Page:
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   Inside Out - North West: Monday 3rd February, 2003

THE SALFORD SUPERMUM

Alex Bell
DEVOTED | Alex Bell at her family home in Salford
ALEX BELL INTERVIEW
  REALPLAYER REQUIRED

Inside Out meets Salford supermum, Alex Bell.

Single mother Alex has devoted her life to her seven adopted children who all have Down’s syndrome.

Alex first tried to adopt a child when she was 22 and a newly qualified special needs teacher.

Alex says, "I just decided that I wanted to be a parent and these were kids that I could parent because that’s where my experience was."

"It was very, very unusual for anyone to adopt as a single person and for anyone to adopt as a single person a disabled child was even more unusual so I had to fight a lot of red tape to get through."

"I just see the children as my seven kids. I don’t see the Down’s and I haven’t seen it for ages."

First child

Adrian Bell
Adrian is one of Alex's children

The first child Alex adopted was Matthew. He is now 20 years old and a star in his local drama group.

Jacqui Marsh, Matthew’s drama teacher, speaks fondly of him, "I wish all the kids were as good as him."

Alex fought hard to get Matthew into a mainstream school, but now he has left school she still finds herself with a fight on her hands.

She’s currently fighting an income support tribunal for Matthew.

This is because, along with thousands of other young people, Matthew has recently been transferred onto Incapacity Benefit.

Although this means they receive £20 per week more, they now have to pay council tax, prescription charges and they’ve lost their right to legal aid.

Alex explains, "They’re an extremely vulnerable group of young people who will come across discrimination in their lives and now can’t access the laws of the land. I hope Matthew’s going to be a test case."

"I spend about 50% of my time fighting the system. It’s very wearing. My time should be spent with the children and not fighting red tape but it’s part of what I’ve taken on."

Parental support

Down's Syndrome

1 in every 1000 babies born is born with Down's syndrome.

Approx 600 babies are born each year with the condition.

It was first described by John Langdon Down in 1866.

The chances of a woman having a child with Down's syndrome increases with age.

Source: The Down's Syndrome Association

SUPPORT AND ADVICE PAGE

What sets Alex apart from other adoptive mothers is she actively encourages her children’s natural parents to have as much contact with them as possible.

Alex says, "I am here to bring up these children but also part of the deal is to help the parents mend."

"The way I achieve that is by telling them they can have contact with their children. We make efforts to go down and see them."

But Alex doesn’t just retain contact for the sake of the parents. She says, "They’re a huge support to me. I call them my parents - they’re actually my kids' parents but they’re mine as well and I adore them. They are lovely, lovely people."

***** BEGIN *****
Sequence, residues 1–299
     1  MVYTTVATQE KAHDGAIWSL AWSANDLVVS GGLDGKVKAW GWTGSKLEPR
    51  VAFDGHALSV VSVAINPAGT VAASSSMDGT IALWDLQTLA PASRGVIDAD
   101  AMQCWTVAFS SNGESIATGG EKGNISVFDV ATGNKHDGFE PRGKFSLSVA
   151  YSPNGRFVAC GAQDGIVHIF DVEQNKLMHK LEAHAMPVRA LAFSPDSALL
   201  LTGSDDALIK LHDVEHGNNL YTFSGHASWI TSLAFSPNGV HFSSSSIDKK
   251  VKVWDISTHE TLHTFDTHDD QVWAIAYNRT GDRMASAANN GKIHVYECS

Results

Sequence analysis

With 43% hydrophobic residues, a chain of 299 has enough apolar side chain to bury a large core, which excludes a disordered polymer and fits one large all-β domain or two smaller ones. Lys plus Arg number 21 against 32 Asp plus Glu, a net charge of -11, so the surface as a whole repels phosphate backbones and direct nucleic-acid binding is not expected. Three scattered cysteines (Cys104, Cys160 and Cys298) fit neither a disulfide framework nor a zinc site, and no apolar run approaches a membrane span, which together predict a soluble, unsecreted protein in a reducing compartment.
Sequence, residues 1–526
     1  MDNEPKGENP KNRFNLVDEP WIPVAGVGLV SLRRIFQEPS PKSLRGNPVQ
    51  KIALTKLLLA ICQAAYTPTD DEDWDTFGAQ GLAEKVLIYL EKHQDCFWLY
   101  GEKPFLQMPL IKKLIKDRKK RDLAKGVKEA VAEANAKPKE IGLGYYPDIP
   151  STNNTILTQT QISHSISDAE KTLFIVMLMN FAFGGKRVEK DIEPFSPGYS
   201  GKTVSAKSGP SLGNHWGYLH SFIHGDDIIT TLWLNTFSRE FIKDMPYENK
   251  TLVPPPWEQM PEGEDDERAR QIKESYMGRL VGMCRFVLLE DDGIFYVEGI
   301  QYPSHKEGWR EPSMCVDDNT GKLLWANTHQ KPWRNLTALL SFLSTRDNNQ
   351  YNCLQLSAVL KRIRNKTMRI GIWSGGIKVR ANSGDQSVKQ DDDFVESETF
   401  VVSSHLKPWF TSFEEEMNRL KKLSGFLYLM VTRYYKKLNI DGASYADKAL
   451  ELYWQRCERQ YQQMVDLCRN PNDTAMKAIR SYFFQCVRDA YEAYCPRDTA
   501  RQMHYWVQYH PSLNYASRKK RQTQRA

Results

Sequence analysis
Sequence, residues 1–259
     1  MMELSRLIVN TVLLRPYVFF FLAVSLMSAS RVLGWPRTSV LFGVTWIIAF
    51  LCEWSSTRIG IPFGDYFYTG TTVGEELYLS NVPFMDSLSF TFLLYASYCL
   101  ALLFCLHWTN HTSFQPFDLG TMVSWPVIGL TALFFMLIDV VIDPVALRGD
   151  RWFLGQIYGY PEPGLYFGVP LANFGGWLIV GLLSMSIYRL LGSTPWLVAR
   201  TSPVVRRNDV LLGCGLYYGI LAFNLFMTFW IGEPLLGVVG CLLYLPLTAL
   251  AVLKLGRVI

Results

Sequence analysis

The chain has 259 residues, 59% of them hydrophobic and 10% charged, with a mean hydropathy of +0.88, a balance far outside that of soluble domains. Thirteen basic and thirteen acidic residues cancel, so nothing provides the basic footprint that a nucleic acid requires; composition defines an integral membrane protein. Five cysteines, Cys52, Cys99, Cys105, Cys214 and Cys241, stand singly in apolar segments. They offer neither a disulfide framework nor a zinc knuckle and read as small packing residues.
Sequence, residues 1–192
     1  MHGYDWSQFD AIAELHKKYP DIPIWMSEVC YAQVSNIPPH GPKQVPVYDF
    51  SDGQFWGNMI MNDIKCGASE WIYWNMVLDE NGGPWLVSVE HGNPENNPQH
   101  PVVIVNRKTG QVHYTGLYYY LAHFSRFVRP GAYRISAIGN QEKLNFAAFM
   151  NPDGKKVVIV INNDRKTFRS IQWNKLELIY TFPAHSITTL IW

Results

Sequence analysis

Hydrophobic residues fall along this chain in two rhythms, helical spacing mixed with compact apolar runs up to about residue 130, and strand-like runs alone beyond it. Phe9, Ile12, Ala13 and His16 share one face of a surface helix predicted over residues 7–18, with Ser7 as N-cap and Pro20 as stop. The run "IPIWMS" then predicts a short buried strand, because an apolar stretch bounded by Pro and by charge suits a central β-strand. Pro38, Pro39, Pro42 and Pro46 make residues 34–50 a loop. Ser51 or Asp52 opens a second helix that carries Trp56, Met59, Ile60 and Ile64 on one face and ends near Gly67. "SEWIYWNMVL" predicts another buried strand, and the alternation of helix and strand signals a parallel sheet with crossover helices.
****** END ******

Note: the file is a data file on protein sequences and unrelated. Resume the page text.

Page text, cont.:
Difficult decision

Chloe is Alex’s seven year old daughter. Chloe’s natural mother, Jenny, was 27 when she gave birth to Chloe.

Jenny says, "We were told Chloe had Down’s in a very brutal way by hospital staff. We both found it very difficult to cope with."

Jenny describes making her decision to put Chloe up for adoption, "It wasn’t a knee jerk reaction. It was, we felt, a very unbiased and a very objective decision."

Chloe Bell
Chloe plays in the ball pool at her home in Salford

"It was mostly for Chloe to be sure she had a happy life as possible."

"Living with Alex and her other children, Chloe will never feel different. She’ll never be teased. She’ll always feel that she belongs and that she was important to us."

Alex is extremely understanding of the parents’ situation. She says, "I don’t judge them because I haven’t been in their situation."

"I don’t think I could be that brave to say to yourself someone else could bring this child up better than you can. It’s just a very brave thing to say."

The future

Alex is now looking to the future and is in the process of turning her house into a charitable trust so her children can stay together when she’s no longer here.

At 47 years old, she shows no sign of slowing down.

"I still think I have it in me to take on a couple more. After that I think I’ll have to stop."

"I’m not a saint. I’m doing what I want to do which sounds selfish."

"None of these kids asked to come and live with me. I go after them I want to be their parent so therefore all the commitment is on my side"

"I wouldn’t say that I have the best life in the world but I think I have a pretty good one."

See also ...

On bbc.co.uk
Adoption - the practicalities
Down's syndrome
Down's syndrome genetic factors

On the rest of the web
British Agency for Adoption and Fostering
The Down's Syndrome Association

The BBC is not responsible for the content of external websites

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